The U.S. District Court for the Eastern District of Texas recently denied a challenge to its subject-matter jurisdiction over a misappropriation of trade secrets claim under the Defend Trade Secrets Act (DTSA), rejecting the defendants’ argument that the DTSA’s interstate commerce requirement limits the jurisdiction of federal courts.
The Oregon Court of Appeals recently held that while certain customer data could be protected by a trade secret claim, basic information such as customer identities and email addresses, without more, did not give rise to a trade secret. Rather, the employer had to present evidence that the information derived economic value from not being generally known and was subject to reasonable efforts to maintain its secrecy.
Peterson Machinery Co. (Peterson) was engaged in the business of renting and selling heavy machinery in Oregon, Washington, and California. Modern Machinery (Modern) was one of Peterson’s primary competitors in Oregon. Heavy machinery sales is a “niche” market in Oregon, and only a handful of companies are engaged in this business. Bryan R. May (May) was a former rental and sales consultant who began working for Peterson in 2006. In October 2017, May accepted a job offer from Modern as the territory manager in Eugene, Oregon. As a territory manager, May’s primary job duty was to call on prospective purchasers of heavy machinery in his assigned territory and negotiate potential sales. Continue Reading Oregon Court of Appeals Clarifies When Customer Information Constitutes Protectible Trade Secrets
In an order dated April 20, 2021, U.S. District Judge Lorna G. Schofield granted Syntel Inc.’s request for a new trial or remittitur on the $569,710,384 punitive damage award issued against Syntel following an October 2020 jury trial.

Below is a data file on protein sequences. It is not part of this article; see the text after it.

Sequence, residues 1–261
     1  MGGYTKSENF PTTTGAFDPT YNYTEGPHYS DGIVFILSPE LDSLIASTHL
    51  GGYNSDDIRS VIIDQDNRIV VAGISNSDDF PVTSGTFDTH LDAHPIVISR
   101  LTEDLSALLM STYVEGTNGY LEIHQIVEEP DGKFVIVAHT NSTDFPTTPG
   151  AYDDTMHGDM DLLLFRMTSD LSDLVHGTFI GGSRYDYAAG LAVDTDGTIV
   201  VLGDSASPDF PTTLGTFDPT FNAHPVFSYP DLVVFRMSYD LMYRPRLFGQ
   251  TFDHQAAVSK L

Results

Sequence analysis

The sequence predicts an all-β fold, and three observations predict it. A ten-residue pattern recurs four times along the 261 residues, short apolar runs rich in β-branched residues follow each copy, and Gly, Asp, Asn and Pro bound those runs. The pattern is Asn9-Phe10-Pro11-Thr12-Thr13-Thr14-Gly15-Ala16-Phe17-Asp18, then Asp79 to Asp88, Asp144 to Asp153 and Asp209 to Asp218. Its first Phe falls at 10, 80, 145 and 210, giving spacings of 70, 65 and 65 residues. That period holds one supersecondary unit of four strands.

In October 2020, a New York federal jury found that Syntel had misappropriated the TriZetto Group, Inc.’s trade secrets in violation of the Defend Trade Secrets Act and New York law. The jury also found that Syntel infringed one or more of TriZetto’s copyrights. The jury awarded $284,855,192 million in compensatory damages and $569,710,384 million in punitive damages. Continue Reading New York Federal Judge Finds Punitive Damages Award Excessive Following Trade Secrets Trial
In 2017, EMC Outdoor, LLC (EMC) terminated Jennifer Stuart’s employment. After, EMC filed suit against Ms. Stuart, Grandesign (Ms. Stuart’s current employer), and another former employee, alleging inter alia claims for misappropriation of trade secrets under federal and state law. On March 31, 2021, the Pennsylvania District Court granted summary judgment against EMC’s trade secret claims, finding no misappropriation because, under EMC’s employment agreement, Stuart was not required to keep trade secrets confidential following her termination. Continue Reading Draft Your Employment Agreements Carefully: A Questionable Word of Warning from the District of Pennsylvania
In trade secret litigation between two competing legal services firms, the United States District Court for the District of Connecticut recently ordered the plaintiff to produce documents without the attorneys’-eyes-only designation that the plaintiff believed was necessary. Continue Reading Legal Services Firm Ordered to Produce Confidential Documents to Competitor in Trade Secret Dispute